How to Keep Your Team Creatively Inspired

One of the biggest challenges CMOs face is ensuring that their teams continue to deliver fresh thinking for their brands.

Though many brands lean heavily on their agency partners for great creative, this is a skill that should never be entirely outsourced. Even if the extent of the creative skills you want in brand managers is for them to simply recognize great creative when they see it, they will be ill-equipped to do so if they aren't regularly flexing those muscles.

Depending on the size of your team or company culture, these strategies can help shake things up and set your team on a path to greater creative thinking:

1. Inspiration missions: Doing the same thing day in and day out can breed complacency and stale ideas. Encourage time away from desks and screens with inspiration missions. Each mission should have a purpose with the outcomes either formally or informally shared.

These can happen individually or as a group and include anything from taking in a new art exhibit to attending the launch of a pop-up store. Just taking an hour to walk the streets of a new city during a business trip can inspire new ideas. Cultivate curiosity and a seeker mentality by embedding the continual search for inspiration into your team's culture, and commit the time and resources to ensure they know it is a priority.

2. Disrupt patterns: Some of the best ideas can spark when our bodies are in motion, allowing our minds to wander more freely. Weather and space permitting, grabbing a pad of sticky notes and heading outside can break groups out of a rut. Even going to a different part of the building or another conference room can help shift thought patterns. If none of those options are available, at the very least people can resist the urge to sit in their typical seats, which humans are prone to do with everything (for evidence, check out any yoga or fitness class) and take in a different view.

Change up the order of how things happen as well. If the same person always leads, encourage another team member to step forward. Or have people initially come at a challenge from a different angle, perhaps starting with the retail experience first (if that is not the norm) and then expanding out to the other brand touch points.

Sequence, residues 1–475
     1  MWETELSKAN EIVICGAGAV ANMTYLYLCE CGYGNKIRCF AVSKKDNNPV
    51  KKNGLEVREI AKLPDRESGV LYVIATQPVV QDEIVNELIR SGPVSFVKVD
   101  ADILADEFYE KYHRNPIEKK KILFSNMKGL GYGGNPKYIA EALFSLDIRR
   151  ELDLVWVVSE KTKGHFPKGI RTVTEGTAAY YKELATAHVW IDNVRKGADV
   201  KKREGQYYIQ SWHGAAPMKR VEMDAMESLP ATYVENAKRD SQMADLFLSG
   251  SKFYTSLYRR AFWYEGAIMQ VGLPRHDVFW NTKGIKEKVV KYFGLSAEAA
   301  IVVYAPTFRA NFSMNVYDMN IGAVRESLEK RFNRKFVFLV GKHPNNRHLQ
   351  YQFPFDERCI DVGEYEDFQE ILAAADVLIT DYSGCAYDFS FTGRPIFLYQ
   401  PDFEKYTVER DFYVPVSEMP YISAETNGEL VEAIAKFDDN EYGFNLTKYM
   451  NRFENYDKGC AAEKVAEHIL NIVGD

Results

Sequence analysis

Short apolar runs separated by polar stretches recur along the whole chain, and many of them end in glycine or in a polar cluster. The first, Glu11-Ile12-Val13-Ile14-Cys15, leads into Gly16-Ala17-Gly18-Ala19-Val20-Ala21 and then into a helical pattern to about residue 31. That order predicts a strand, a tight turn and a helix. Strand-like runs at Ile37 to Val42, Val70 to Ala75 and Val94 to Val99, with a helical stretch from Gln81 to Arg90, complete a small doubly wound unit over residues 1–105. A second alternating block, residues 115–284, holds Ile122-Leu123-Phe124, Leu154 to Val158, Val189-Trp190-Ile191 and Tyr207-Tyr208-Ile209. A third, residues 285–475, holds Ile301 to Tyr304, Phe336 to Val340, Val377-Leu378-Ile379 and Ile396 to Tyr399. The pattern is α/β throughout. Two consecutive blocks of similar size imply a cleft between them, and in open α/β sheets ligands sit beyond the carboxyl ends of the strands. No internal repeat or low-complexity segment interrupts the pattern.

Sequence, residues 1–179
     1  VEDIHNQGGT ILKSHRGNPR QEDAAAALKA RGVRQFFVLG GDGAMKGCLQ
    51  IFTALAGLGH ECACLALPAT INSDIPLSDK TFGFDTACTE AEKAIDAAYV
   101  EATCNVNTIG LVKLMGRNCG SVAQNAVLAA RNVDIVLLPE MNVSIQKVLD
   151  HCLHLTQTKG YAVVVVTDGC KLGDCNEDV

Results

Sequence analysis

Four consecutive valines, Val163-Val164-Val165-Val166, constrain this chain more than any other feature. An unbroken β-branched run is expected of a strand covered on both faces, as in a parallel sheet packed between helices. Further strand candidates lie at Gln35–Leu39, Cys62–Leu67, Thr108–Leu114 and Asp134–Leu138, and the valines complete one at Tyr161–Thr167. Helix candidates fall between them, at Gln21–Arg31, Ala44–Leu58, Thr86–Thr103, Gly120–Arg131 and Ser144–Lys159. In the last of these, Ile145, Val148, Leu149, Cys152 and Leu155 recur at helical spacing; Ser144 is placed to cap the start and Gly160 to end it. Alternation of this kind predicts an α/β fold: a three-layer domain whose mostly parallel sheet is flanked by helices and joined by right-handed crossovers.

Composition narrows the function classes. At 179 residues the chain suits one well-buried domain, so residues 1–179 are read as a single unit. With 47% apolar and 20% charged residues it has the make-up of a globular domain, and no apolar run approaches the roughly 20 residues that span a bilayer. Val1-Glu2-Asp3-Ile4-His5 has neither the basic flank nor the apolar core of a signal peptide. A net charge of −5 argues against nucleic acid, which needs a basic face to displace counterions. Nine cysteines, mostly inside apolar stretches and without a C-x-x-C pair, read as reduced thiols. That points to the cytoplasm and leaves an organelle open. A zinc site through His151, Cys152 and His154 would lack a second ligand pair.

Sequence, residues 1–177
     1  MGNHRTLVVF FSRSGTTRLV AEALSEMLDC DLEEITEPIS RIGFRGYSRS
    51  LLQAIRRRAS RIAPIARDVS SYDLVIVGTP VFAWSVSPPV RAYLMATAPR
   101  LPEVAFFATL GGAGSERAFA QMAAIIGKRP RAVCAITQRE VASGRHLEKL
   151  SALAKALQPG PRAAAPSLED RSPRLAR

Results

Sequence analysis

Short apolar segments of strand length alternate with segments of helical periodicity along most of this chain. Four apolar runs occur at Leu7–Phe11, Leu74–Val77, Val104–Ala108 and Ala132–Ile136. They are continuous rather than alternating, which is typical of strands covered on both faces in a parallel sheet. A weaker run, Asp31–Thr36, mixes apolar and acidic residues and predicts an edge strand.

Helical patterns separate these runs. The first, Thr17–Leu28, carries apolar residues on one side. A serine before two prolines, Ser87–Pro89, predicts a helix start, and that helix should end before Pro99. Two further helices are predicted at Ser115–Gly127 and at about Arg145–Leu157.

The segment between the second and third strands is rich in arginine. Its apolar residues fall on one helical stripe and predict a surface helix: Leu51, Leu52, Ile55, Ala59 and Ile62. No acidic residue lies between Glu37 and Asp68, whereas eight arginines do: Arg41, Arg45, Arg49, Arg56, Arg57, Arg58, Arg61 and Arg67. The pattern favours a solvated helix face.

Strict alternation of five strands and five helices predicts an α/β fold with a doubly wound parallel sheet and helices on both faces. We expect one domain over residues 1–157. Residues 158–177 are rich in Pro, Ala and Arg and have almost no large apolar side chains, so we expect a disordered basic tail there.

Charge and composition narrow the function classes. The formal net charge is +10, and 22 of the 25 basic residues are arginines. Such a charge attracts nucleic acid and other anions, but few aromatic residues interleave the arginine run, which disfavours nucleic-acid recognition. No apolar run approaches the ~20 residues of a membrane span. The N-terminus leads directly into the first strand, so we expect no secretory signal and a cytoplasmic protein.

Regardless, the goal is to help your team members disrupt their current pattern. Give them ownership of ways to do that as well so everyone is bought in.

3. Invest in the new: Lifelong learning for the brain is like exercise for the body, keeping it fit and flexible, which is essential for creativity. Curiosity begets curiosity and helps to shift perspective, allowing us to be more open to possibilities.

Consider providing each team member with a personal growth fund with the only string attached being that it must be used to learn something new. Photography. Improv. Wine tasting. Italian. Encourage them to share these experiences with each other either one at a time or at another site where everyone can put his or her new skill into play.

4. Engage all six senses: Human beings are highly visual, and it is often the de facto sense we rely on when generating new ideas. But what if we started with sound instead? Composers are hired to score movies for reasons beyond just creating a soundtrack. They are setting a mood, one that can be every bit as important as the visual on the screen. (If you're skeptical about the impact of sound, just watch the infamous shower scene from the movie Psycho on mute).

What about scent or touch? Each of our senses can trigger different emotional responses, and sometimes starting there and letting the visuals follow can open up a completely different approach.

While you're at it, don't let people neglect their sixth sense--the one they should bring to every creative endeavor--the gut instinct that unfailingly tells us when we're on to something good.